The biggest problem with cars, particularly the fun ones, is that they are too expensive, almost outrageously so. If I want to depress myself by making a list of my dream cars – vehicles I’d be delighted to drive even once a week – nearly all the prices have six figures in them, and far too many of them are approaching a cool half
a million dollars.
Every now and then, however, something miraculous comes along: a car that’s hugely entertaining to drive, that establishes a joyful connection between man and machine, one that makes you grin and chortle every time you corner it, and yet comes with a price tag that doesn’t sound like it should be attached to a small house.
The original Toyota 86, launched in Australia in 2012, shocked us all by being light, playful, fast, frenetic and, best of all, just $29,990 brand new.
Now, I’m sure you’ve heard the term “inflation”. It’s done a hell of a job on this much-loved vehicle, which has just returned with new GR badging (it stands for Gazoo Racing, the go-faster division of Toyota), an inflated engine – its own from 2.0 litres to 2.4, raising power by 18 per cent (174kW) and torque by 22 per cent (250Nm) – and an asking price of … deep breath, dear readers … $43,240.
The good news is that, even at the new dollars, the Toyota GR86 is a genuine performance car because it is so much fun that you’d really have to spend twice or even three times that money to get something that comes near it, or beats it.
The old 86 was brilliant because it was so pure, so happy to shake its rear sideways at the slightest provocation and felt so totally alive and eager to please in your hands, and its only failing was that it could have done with just a bit more power. Well, now it’s got it, and it adds up to a really quite important 1.3-second faster sprint to 100kmh, clipping the tape in 6.3 seconds.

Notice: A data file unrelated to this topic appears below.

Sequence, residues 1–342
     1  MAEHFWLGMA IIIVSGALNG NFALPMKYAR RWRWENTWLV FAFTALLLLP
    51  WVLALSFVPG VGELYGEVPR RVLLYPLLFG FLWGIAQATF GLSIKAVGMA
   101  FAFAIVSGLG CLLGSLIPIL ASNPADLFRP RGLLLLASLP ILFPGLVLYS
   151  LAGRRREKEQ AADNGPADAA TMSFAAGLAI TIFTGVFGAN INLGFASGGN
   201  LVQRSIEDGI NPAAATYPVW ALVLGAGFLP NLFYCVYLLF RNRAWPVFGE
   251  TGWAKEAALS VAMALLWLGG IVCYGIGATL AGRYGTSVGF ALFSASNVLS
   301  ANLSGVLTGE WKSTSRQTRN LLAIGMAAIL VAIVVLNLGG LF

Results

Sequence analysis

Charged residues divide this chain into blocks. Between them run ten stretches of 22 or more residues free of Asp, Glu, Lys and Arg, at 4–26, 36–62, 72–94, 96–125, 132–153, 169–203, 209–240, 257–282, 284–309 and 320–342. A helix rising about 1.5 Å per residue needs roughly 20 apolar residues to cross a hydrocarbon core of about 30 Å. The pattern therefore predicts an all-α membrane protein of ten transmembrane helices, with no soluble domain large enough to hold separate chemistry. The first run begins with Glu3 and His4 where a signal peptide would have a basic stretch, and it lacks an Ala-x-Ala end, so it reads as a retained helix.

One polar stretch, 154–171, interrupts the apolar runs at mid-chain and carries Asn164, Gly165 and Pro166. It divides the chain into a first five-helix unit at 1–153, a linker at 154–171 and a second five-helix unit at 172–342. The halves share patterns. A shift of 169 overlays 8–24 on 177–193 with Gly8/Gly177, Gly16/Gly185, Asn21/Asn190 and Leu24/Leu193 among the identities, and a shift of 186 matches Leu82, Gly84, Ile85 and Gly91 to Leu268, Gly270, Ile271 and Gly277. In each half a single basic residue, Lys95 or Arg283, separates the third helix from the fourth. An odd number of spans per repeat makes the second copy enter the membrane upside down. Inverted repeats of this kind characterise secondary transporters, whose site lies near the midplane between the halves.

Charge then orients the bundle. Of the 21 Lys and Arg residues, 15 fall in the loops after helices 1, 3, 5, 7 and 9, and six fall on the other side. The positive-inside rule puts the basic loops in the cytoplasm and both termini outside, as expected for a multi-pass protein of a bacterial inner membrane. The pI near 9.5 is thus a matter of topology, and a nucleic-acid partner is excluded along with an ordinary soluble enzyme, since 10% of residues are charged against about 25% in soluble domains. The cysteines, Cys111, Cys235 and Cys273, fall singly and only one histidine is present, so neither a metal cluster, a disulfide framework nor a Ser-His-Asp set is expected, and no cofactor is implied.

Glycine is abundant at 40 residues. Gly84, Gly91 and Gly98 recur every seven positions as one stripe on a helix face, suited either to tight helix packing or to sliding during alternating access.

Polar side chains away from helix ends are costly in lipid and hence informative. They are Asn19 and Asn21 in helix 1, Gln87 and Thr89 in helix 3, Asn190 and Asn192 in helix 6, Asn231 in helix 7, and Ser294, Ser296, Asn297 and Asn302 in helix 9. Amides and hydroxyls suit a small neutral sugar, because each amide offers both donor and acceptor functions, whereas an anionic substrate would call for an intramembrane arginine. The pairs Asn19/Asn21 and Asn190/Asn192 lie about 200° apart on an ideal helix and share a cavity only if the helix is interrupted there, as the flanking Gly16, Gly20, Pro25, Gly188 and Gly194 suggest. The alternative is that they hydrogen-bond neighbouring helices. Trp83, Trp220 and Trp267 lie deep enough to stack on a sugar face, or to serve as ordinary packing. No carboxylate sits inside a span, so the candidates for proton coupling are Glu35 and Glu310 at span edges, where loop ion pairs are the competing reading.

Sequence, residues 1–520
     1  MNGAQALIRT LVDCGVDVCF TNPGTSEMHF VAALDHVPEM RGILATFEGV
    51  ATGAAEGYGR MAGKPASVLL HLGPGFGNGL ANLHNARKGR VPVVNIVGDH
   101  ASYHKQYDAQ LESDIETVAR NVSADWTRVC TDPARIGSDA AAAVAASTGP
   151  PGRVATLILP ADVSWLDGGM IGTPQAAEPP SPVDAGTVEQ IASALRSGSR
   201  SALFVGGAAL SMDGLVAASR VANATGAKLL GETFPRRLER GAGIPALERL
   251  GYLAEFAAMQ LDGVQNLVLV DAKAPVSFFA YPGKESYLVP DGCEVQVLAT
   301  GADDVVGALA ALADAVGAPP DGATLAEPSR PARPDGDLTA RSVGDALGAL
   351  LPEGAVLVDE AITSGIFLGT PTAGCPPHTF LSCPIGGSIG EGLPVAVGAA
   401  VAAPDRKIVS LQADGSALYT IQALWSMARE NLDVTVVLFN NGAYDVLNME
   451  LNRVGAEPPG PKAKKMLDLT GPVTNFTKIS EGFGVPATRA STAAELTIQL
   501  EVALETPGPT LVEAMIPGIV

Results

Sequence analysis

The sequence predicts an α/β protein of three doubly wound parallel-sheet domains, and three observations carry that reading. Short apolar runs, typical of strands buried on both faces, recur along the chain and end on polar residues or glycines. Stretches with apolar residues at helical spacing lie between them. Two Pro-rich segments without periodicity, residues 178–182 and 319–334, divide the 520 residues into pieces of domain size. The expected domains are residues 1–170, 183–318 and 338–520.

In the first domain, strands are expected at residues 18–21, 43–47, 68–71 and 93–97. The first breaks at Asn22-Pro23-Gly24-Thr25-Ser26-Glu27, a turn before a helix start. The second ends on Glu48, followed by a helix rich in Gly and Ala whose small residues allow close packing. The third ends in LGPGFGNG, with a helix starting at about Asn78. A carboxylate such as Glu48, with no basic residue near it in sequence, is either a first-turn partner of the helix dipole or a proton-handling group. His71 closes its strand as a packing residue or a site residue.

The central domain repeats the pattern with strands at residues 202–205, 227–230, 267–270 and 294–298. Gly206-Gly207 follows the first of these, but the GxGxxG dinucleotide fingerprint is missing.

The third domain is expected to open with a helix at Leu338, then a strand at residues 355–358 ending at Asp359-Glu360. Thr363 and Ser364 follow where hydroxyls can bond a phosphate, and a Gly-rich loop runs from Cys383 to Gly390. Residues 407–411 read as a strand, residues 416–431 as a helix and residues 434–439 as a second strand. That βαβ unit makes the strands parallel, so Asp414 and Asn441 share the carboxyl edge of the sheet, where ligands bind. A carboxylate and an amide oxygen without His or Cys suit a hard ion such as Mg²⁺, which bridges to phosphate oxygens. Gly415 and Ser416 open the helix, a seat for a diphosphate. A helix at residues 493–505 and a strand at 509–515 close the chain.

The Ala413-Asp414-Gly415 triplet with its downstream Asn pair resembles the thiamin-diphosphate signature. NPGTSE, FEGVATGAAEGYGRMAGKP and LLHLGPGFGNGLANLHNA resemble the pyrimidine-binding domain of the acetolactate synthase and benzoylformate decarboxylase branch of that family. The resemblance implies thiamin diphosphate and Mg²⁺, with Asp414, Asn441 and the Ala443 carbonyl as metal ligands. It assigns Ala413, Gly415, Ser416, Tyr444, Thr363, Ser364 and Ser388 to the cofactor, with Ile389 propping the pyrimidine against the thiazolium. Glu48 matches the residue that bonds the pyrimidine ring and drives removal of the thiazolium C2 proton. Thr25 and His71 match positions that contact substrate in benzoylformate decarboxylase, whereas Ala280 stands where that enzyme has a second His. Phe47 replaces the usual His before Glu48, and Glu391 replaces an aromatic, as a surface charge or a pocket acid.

Somehow it also feels even more puppy-like in its desire to spread joy, even sharper through the steering and, happily, it has an even more satisfying six-speed manual gearbox that is perfectly set up for heel-and-toe changes. (Yes, there’s also an automatic version, but I won’t talk about it.)
It’s a package that’s so impressive as a driver’s car that Toyota felt confident enough to launch it at Phillip Island, a race circuit built for properly impressive speed machines. Our time hurling it around the Island’s marvellous, long corners was one of profound hilarity.
Toyota has set up the traction-control software in such a way that, in Race mode, it will make you feel like some kind of racesuit-owning drift king. It lets you kick the rear end out, play with it, hold it sideways and gradually tear your tyres apart, but then, just when a mere mortal would spin off on to the grass (as I did when I turned the traction fully off, like a fool), it catches you, pats you on the head for your efforts and sends you off in the right direction.
If sliding isn’t your thing (check your pulse), the GR86 is also properly quick and impressive at cutting laps as well. Out on public roads, it is firm, but not unforgivably so, and it looks pretty damn good, too.
This Toyota GR86, then, is that rarest of things – not just a car that you want, that you might even dream of, but one you might actually be able to afford.
I even know a journalist who’s ordered one. Truly.
Find out more at Toyota.com.au.